Hebrews 10:11-14 (15-18) 19-25
11 And every priest stands day after day at his service, offering again and again the same sacrifices that can never take away sins. 12 But when Christ had offered for all time a single sacrifice for sins, “he sat down at the right hand of God,” 13 and since then has been waiting “until his enemies would be made a footstool for his feet.” 14 For by a single offering he has perfected for all time those who are sanctified. 15 And the Holy Spirit also testifies to us, for after saying, 16″This is the covenant that I will make with them after those days, says the Lord: I will put my laws in their hearts, and I will write them on their minds,” 17 he also adds, “I will remember their sins and their lawless deeds no more.” 18 Where there is forgiveness of these, there is no longer any offering for sin.
19 Therefore, my friends, since we have confidence to enter the sanctuary by the blood of Jesus, 20 by the new and living way that he opened for us through the curtain (that is, through his flesh), 21 and since we have a great priest over the house of God, 22 let us approach with a true heart in full assurance of faith, with our hearts sprinkled clean from an evil conscience and our bodies washed with pure water. 23 Let us hold fast to the confession of our hope without wavering, for he who has promised is faithful. 24 And let us consider how to provoke one another to love and good deeds, 25 not neglecting to meet together, as is the habit of some, but encouraging one another, and all the more as you see the Day approaching.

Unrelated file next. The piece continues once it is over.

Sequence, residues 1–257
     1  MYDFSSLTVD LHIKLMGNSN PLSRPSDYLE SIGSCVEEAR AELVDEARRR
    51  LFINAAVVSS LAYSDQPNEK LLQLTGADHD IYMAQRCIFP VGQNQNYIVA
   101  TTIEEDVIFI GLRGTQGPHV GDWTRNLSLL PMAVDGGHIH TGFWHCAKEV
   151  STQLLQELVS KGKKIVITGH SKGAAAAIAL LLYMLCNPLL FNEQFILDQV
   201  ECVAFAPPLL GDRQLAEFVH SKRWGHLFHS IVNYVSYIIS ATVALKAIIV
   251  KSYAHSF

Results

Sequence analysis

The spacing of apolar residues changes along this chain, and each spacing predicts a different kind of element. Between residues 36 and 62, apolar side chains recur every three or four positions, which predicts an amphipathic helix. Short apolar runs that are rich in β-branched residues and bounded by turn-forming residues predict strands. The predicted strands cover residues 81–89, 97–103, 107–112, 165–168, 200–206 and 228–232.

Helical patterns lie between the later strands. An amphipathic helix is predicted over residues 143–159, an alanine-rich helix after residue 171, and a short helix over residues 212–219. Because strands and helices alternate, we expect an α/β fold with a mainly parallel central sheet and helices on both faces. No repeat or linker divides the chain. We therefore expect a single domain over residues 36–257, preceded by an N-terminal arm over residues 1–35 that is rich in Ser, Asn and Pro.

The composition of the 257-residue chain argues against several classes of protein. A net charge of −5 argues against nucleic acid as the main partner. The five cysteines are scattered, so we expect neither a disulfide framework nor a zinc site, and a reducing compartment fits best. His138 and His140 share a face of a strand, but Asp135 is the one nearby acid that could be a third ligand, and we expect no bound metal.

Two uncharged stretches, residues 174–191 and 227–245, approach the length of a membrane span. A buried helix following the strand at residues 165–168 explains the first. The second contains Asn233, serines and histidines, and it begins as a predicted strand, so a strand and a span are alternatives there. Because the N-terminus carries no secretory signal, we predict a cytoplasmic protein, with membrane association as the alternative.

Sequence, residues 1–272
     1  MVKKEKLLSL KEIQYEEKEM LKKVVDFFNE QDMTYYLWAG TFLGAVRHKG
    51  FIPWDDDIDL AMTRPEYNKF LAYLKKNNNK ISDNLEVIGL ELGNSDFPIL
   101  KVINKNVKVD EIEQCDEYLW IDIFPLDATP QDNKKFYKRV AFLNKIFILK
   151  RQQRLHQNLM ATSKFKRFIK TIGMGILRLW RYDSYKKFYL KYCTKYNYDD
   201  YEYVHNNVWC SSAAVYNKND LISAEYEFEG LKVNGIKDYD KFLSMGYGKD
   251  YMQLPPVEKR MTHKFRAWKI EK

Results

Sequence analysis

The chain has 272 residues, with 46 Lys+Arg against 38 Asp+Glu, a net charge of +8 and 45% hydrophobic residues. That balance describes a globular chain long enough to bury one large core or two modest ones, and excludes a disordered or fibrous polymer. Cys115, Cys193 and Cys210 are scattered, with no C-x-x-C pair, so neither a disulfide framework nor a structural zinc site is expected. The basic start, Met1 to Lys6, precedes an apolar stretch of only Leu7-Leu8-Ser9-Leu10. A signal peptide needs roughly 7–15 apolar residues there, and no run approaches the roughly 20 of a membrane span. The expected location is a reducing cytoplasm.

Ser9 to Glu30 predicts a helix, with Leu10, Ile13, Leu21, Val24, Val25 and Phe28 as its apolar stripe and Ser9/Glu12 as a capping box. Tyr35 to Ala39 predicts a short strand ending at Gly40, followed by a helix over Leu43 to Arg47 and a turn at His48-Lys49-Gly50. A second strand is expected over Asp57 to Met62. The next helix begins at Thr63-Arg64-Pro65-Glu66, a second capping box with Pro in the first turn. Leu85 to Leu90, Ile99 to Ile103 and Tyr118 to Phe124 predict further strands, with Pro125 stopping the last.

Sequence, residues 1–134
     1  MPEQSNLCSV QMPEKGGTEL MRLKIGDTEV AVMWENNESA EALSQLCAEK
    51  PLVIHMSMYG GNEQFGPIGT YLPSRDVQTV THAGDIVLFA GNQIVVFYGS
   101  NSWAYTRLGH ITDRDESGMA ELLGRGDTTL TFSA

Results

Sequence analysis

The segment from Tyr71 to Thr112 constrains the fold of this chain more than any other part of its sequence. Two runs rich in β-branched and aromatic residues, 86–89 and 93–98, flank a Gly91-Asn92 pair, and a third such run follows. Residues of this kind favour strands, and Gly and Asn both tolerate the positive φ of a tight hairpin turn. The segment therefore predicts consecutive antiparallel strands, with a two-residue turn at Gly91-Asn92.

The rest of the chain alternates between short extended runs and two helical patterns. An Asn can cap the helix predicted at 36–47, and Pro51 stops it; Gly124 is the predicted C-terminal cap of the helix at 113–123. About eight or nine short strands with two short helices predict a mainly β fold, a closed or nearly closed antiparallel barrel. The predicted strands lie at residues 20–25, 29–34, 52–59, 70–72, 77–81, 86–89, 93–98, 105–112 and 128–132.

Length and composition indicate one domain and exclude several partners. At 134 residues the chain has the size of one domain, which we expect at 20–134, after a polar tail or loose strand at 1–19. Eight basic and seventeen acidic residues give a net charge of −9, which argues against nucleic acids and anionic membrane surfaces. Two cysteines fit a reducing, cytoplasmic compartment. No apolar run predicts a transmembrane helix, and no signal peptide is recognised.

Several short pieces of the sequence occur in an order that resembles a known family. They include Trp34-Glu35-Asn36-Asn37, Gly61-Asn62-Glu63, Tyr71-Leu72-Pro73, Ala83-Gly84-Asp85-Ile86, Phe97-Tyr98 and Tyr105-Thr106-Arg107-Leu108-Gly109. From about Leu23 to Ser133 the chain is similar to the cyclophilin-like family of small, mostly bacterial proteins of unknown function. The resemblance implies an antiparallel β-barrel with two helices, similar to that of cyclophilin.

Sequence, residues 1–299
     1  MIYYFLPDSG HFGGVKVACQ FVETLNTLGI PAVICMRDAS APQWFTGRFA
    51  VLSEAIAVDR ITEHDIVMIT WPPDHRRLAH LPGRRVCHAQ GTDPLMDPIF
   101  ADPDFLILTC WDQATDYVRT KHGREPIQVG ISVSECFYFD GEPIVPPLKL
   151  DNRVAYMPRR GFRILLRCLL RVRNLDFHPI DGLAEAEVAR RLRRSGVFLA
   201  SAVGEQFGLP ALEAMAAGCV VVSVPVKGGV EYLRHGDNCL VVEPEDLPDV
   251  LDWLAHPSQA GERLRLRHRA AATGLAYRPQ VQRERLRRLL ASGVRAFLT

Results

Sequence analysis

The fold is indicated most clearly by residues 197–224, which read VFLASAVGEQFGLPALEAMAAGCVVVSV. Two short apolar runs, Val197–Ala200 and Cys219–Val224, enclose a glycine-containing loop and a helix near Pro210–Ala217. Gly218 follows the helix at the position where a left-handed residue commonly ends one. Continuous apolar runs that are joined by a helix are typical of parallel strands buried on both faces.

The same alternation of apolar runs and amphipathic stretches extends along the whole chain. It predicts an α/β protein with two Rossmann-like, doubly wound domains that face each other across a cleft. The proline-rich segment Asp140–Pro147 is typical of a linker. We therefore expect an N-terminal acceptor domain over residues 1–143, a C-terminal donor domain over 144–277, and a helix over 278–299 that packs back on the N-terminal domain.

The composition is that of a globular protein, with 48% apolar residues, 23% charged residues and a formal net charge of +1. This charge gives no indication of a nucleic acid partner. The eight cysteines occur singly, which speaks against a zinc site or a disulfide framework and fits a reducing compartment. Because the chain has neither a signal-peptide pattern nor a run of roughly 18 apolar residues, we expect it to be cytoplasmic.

For those of you who use this blog to prepare for worship, the sermon this week will be based on another text. Hopefully there will be thematic similarities. I missed a text change late in the game.
The letter to the Hebrews is attributed to Paul (though there is considerable debate on this point) and is addressed to the Jewish Christians in Jerusalem. These congregations were being persecuted, their faith was flagging and they were neglecting to meet together. As is so often the case, the letter could have been written to us. We are confronted by change, dwindling membership and dwindling resources. Persecution is not the order of today but apathy certainly is. The percentage of people who do not claim any religious affiliation is steadily rising. The church has always had to find ways that speak to and feed people. Today is no different.